High street retailers are to be investigated over the massive interest they charge on store cards, the Office of Fair Trading said yesterday.
The watchdog said it would carry out a study into the way the market worked in order to assess whether there was proper competition and transparency in the market.
The move, at this stage an "informal study", could lead to a formal investigation under the Competition Act. If retailers and banks which provide the cards are found to have acted in an anti-competitive way, they could be in line for massive fines.
John Vickers, the OFT's chairman, announced the study when giving evidence to the Commons Treasury Select Committee, which has been investigating the credit card market.
It is likely that companies including Debenhams, Bhs, Comet, Laura Ashley and Top Shop will come under the spotlight in the investigation.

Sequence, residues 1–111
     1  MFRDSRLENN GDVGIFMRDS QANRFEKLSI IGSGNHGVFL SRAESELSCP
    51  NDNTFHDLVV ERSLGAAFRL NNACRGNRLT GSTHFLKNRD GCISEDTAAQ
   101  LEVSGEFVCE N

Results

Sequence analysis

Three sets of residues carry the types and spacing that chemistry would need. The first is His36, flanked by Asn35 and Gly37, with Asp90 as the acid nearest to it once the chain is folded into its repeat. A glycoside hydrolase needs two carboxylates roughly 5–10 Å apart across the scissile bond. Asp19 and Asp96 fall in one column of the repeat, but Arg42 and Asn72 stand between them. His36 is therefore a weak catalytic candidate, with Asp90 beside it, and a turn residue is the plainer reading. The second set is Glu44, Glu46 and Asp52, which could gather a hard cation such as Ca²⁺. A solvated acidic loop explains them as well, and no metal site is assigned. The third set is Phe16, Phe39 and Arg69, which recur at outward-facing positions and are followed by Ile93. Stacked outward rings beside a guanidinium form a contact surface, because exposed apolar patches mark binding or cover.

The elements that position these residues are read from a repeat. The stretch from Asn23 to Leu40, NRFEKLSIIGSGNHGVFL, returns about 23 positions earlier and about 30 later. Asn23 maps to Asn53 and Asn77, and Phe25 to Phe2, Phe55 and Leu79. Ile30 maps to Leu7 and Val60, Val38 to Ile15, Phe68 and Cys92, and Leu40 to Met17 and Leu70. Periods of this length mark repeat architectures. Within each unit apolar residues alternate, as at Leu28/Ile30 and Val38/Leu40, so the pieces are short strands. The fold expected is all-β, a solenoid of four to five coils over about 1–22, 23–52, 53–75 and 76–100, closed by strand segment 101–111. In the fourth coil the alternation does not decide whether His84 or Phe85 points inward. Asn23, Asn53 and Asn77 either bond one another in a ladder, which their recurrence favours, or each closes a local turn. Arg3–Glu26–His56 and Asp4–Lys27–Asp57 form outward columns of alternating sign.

About 10 million customers have store cards, with some paying up to 30 per cent in interest on their debt.
The chief executives of Britain's biggest banks are scheduled to appear before the committee of MPs next week to defend the wider credit card market, which has also been accused of being deliberately untransparent and poor value for money.
Customers owe up to £2.5bn on store cards at any one time. GE Capital, the banking arm of the US-based empire, operates many UK store cards. The OFT said an inquiry could potentially lead to banks being fined millions.Reuse content